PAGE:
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21 March 2017

Journal of Dental Research Systematic Analysis Examines Global Burden of Oral Conditions

The International and American Associations for Dental Research (IADR/AADR) recently published a systemic analysis in the Journal of Dental Research. Authored by Wagner Marcenes, King’s College London Dental Institute, “Global Burden of Oral Conditions in 1990-2015: A Systemic Analysis” examines data to assess progress toward the Federation Dental International (FDI), World Health Organization (WHO) and IADR Oral Health Goals of reducing the level of oral diseases and minimizing their impact by 2020. The Principle Investigator of the GBD study was Professor Chris Murray of the University of Washington in Seattle.


Due to demographic changes, including population growth and aging, the cumulative burden of oral conditions dramatically increased between 1990 and 2015. The number of people with untreated oral conditions rose from 2.5 billion in 1990 to 3.5 billion in 2015, with a 64 percent increase in disability-adjusted life year (DALYs) due to oral conditions throughout the world. Despite some challenges with current measurement methodologies for oral diseases, measurable specific oral health goals should be developed to advance global public health.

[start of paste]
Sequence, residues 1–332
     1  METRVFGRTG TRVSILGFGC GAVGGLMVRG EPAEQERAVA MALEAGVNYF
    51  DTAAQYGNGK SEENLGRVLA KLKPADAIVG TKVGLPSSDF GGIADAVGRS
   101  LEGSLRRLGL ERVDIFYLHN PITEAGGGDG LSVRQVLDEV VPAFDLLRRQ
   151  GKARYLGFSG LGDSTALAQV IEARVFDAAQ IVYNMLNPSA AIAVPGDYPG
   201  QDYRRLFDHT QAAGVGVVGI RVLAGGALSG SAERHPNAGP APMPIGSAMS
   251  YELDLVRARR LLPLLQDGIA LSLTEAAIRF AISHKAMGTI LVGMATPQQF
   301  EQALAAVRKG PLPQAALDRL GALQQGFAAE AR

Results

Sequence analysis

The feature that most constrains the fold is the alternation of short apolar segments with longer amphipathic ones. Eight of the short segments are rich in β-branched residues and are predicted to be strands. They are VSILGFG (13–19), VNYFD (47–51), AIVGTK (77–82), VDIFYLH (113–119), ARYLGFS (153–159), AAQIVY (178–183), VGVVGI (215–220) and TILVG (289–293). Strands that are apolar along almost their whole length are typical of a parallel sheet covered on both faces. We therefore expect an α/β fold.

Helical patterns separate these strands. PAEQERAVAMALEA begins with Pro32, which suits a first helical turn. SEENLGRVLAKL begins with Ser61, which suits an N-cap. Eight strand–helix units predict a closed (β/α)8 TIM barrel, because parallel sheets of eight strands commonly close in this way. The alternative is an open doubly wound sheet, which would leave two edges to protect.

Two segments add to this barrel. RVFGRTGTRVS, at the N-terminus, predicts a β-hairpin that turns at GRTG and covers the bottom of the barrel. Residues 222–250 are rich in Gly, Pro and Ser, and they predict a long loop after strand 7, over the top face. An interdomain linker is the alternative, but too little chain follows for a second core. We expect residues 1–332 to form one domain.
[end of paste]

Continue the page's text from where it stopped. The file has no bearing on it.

Marcenes, the oral health lead and his team of researchers concluded that oral health did not improve in the 25 year time period studied, and that oral conditions remained a major and growing global public health challenge in 2015. While the age-standardized prevalence of oral conditions remained relatively stable between 1990 and 2015, population growth and aging have led to a dramatic increase in the burden of untreated oral conditions throughout the world. Greater efforts, and potentially different approaches, are needed if international oral health goals are to be achieved by 2020.

Professor Marcenes comments: “Our findings are set to shake up the setting of health priorities around the world, providing an unparalleled amount of up-to-date, comparable data on the diseases, risk factors, disabilities, and injuries facing populations.”

"The widespread belief that the prevalence of oral diseases has been dramatically reduced over the past 40 years was based on small sets of data and need to be reviewed.”

The GBD study data showed that oral health has not improved during the last 25 years. A significant increase in the burden of oral conditions was observed in high- and low-income countries, mainly due to aging and growing population. Significant increases in the burden of oral conditions was observed even in high-income countries such as the USA and the UK.

Therefore, “greater efforts and maybe a different strategy is needed if the World Health Organisation goal of reducing the burden of oral conditions is to be achieved by 2020. In addition, oral health goals and policies development may be more effective and efficient if based on up-to-date descriptive epidemiology of the highest quality,” he concludes.

 The paper can be viewed here.